case law


Also found in: Dictionary, Thesaurus, Legal, Financial, Encyclopedia, Wikipedia.

com·mon law

(kom'ŏn law)
A system of law based on custom, tradition, and court decisions rather than on written legislation.

case law

Opinions or decisions made by the courts.
See also: law
References in periodicals archive ?
So, why was 2015 an important year for ediscovery case law? According to Lange, in 2015 on the cusp of FRCP amendments, courts dealt with many key issues that the FRCP amendments sought to address -- what data needs to be preserved, the amount of discovery reasonably needed in a case and what happens when ESI is lost or destroyed.
From negotiated procurements processes and small business issues to standards of conduct and alleged bias, Key Case Law Rules for Government Contract Formation documents key language, cites relevant cases, and offers up commentary essential to any federal legal requirements reader in a 'must have' reference for acquisition professionals.
From the point of view of EU law, given the non-harmonised nature of the sector, the only requirements are those flowing from the treaty and case law. As I have already said, member states can introduce some restrictions to freedoms of movement provided that they are coherent with the objective of general interest that they pursue, are proportional and non-discriminatory.
The concept of comparative advertising within the meaning of the directive is very broad and the court has ample case law on the subject.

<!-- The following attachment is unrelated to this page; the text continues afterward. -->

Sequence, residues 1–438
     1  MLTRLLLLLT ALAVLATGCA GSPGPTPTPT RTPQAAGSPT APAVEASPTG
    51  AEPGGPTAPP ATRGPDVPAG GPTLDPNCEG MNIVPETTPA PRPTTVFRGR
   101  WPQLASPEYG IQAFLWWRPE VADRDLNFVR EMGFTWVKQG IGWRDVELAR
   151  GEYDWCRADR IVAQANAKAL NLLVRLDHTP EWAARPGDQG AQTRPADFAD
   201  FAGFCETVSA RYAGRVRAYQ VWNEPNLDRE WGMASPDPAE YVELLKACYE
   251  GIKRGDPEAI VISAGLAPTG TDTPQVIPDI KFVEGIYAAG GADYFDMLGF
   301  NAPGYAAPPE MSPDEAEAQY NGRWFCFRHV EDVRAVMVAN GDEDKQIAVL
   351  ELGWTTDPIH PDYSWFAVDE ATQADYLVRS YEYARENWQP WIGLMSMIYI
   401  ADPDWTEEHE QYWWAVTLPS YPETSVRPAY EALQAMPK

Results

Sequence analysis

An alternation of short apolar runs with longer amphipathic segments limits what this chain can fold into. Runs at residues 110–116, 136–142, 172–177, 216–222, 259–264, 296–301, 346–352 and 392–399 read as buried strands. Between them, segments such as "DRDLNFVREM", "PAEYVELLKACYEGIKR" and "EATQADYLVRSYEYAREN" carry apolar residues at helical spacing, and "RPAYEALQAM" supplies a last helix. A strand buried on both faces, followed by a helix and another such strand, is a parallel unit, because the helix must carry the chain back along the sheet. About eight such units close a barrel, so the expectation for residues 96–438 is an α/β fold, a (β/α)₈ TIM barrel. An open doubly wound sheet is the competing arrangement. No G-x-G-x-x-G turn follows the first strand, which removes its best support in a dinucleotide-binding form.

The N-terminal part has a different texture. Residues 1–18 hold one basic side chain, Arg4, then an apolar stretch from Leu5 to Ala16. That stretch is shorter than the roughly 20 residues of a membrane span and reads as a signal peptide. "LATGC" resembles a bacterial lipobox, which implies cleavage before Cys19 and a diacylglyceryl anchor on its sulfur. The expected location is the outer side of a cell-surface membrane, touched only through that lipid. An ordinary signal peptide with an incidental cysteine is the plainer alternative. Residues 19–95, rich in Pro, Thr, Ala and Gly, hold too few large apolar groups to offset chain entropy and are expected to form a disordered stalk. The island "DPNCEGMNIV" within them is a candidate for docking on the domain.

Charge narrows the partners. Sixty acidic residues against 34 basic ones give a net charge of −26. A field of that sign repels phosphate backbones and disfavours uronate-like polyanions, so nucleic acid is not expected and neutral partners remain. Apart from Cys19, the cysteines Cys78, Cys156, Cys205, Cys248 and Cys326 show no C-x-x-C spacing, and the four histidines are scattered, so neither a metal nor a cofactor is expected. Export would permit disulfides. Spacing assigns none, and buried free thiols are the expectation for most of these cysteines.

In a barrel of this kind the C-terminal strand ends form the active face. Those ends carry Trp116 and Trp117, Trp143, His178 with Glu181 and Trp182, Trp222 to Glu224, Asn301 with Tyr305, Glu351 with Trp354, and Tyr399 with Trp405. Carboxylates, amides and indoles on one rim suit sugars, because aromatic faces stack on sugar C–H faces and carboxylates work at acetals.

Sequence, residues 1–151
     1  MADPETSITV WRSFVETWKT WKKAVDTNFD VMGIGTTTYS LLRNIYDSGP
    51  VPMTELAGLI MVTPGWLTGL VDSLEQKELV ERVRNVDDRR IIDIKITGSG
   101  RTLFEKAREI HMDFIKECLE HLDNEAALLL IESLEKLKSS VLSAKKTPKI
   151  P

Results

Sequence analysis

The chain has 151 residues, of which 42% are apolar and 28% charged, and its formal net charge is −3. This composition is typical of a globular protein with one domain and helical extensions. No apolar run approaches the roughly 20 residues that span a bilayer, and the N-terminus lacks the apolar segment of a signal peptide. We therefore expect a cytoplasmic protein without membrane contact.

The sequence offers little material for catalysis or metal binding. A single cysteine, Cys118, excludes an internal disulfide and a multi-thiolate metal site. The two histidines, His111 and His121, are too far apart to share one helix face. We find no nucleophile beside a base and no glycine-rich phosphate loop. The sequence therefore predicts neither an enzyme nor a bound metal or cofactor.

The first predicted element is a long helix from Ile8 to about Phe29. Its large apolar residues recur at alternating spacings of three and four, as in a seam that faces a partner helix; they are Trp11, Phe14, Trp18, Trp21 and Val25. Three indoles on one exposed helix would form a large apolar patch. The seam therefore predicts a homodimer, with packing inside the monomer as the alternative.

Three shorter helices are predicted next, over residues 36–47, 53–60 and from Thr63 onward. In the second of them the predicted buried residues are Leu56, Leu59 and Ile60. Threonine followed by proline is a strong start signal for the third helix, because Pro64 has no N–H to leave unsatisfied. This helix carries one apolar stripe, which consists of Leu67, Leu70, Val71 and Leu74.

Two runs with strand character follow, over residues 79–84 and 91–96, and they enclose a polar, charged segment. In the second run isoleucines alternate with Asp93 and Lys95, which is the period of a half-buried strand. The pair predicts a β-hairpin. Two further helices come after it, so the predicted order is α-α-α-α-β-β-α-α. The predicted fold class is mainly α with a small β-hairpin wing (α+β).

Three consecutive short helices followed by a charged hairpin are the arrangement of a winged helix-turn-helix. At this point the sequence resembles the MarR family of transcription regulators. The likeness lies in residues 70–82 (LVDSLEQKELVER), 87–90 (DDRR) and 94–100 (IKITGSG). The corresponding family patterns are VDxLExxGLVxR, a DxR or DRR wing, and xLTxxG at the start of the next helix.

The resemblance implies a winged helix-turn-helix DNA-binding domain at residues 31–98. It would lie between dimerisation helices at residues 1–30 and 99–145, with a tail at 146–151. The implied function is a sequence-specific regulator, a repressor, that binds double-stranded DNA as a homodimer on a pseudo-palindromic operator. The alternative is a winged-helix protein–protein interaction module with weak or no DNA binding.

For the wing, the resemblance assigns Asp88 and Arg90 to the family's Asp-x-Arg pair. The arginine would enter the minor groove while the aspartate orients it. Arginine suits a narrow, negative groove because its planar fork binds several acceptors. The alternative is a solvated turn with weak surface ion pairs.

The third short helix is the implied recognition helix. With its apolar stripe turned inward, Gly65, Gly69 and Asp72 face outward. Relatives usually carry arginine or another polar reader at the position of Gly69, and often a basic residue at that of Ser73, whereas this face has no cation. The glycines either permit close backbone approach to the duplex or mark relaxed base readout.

When I finally read the case law, I realized I was wrong, but I still see many attorneys coming to that incorrect, but understandable, conclusion.
To assist with this, the CalCPA Family Law Section has been summarizing statutes and case law involving the determination of income available for child and spousal support.
The 2007 Bush-Cheney Impeachments: Year 2008 10th Grade Civics Exam by Civil Rights Advocate and attorney Craig Leslie draws upon his expertise earned in over fifteen years of practicing case law to lay out the complete case to date for impeaching President George W.
Under the existing case law, the presumption is that the advice is not privileged because it is considered "business advice" or "accountant's work" and not legal advice.
While there is little case law exploring the contours of the common interest doctrine under these circumstances, it is apparent that a court would need to consider the unique facts of each particular case, including the course of dealing between the carrier and the insured as well as the nature of the documents or information at issue.
Yet, in dangerous activities, it appears that officers will take advantage of ambiguous legal situations and stretch the law to its limits--searching as necessary." Officers use their discretion to protect themselves from rapidly unfolding street situations not specifically guided by sterile case law. Eterno also found that search situations involving a bright-line rule were more likely to be followed than situations without a bright-line rule.
And the "plain sight provision" for car carry, "under Ohio case law, is a legal fiction and cannot be reliably complied with by a law-abiding citizen, no matter how well intentioned they are." In Ohio, according to Hanson, police can legally void the requirement for a search warrant and search a car because they can see a gun in plain sight, and at the same time arrest the car's occupant, a CHL holder, because his gun was not in plain sight.